Friday, January 08, 2010

Driven by Cowboys’ legacy

By Ralph Vacchiano

For 13 years the Dallas Cowboys have been searching for a play-off victory.

They have been classic December and January chokers for all of Tony Romo’s seven-year career.

So why is Romo, the Cowboys often-beleaguered quarterback, suddenly smiling? “Because this is when it’s fun,” he said. “I’m a huge fan of anything that has the win-and-move-on situations. You don’t belong in the game if you don’t love this situation.”

It was not always that way, of course, but Romo has had nothing but fun in the latter part of this season, which is why he seems so happy and confident heading into the Cowboys’ first-round play-off game against the Philadelphia Eagles. Last weekend, the Cowboys (11-5) beat the Eagles (11-5) 24-0 to win the NFC East and claim home-field advantage in the rematch.

And in December, where the Cowboys have melted like snowmen in summer over the past few years, they won three of their five games this season, including a stunning, 24-17 win over the previously unbeaten Saints in New Orleans.

What has sparked the change in late-season fortunes?

The obvious answer is Romo, who was able to dismiss the knock that he is turnover prone by throwing a career-low nine interceptions despite a franchise record 550 pass attempts.

He was at his best in December, too, with nine touchdowns and two interceptions. He also had eight 300-yard games, while setting a team record with 4,483 passing yards.

As nice as all that is, though, the 29-year-old QB knows it will not matter if he loses the third play-off game of his career. The Cowboys are supposed to be “America’s Team” and have historically been one of the NFL’s most successful and storied franchises.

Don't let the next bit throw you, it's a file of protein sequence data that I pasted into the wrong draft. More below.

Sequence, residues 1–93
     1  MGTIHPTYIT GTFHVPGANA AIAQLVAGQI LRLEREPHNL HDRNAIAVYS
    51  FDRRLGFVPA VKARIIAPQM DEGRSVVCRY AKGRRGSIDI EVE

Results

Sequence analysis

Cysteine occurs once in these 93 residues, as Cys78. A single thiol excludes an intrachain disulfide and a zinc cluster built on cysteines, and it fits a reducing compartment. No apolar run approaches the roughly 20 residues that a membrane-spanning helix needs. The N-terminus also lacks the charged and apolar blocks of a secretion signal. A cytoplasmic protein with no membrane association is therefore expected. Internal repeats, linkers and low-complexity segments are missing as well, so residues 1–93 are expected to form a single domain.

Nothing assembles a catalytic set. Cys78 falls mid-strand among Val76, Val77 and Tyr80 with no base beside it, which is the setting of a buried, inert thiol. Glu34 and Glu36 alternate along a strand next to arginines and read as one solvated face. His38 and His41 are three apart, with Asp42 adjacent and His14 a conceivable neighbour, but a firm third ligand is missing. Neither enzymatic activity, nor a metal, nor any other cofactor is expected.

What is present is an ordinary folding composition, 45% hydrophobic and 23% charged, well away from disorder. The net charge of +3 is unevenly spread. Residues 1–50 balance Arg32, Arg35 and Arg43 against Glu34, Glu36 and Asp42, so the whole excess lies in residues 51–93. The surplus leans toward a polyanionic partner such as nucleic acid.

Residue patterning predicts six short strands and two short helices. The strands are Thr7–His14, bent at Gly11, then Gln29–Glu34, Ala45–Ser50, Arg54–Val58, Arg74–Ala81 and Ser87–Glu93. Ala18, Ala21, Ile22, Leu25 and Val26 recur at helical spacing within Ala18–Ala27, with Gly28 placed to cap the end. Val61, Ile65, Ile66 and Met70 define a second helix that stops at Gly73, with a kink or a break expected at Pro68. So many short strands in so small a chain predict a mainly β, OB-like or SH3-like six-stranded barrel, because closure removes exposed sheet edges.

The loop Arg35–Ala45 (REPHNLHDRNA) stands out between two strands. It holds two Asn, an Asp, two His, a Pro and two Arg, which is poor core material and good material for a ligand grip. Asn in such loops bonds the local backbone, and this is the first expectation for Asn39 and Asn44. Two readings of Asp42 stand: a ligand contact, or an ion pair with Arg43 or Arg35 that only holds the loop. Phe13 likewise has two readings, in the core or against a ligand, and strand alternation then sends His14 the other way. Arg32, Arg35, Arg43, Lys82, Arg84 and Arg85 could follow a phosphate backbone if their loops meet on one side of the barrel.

No play-off victories since the mid-90s has been an embarrassment, and another year of failure will not do.

“A lot of it is the team you’re playing against [in the play-offs], a lot of it is the team you have, and a lot of it is improvement you’ve had over the course of a few years,” Romo said of previous failures.

“I’d like to think I’m better than I was in the last two, but that doesn’t guarantee anything.”

It is also not a guarantee that the Cowboys will be able to beat the Eagles for the third time this season, something that has been notoriously hard to achieve in the NFL.

But the Eagles had won six consecutive games before losing to the Cowboys last Sunday and seemed to be heading into the play-offs as one of the hottest teams in the league.

The Cowboys, though, looked and played much hotter.

“We saw some things in their defence we thought we could attack. We were unable to do it,” said Eagles full-back Leonard Weaver. “Those guys came out fired up and tremendously intensified. You can’t make any mistakes. You have to be on top of your game. We didn’t do that.”

So now the Cowboys have the look and feel of a team to beat, which they have not really had since their last Super Bowl championship, way back in early 1996.

They won a wild-card game the following season in late December 1996, and have been searching for their next play-off success ever since. This, though, is finally their year – at least that is what they believe down in Dallas.

“I think we’re going to win,” said Cowboys coach Wade Phillips.

“I think we’re going to win this football game.

“This is a tough league, but I don’t know that anybody’s going into the play-offs stronger than we are,” he added.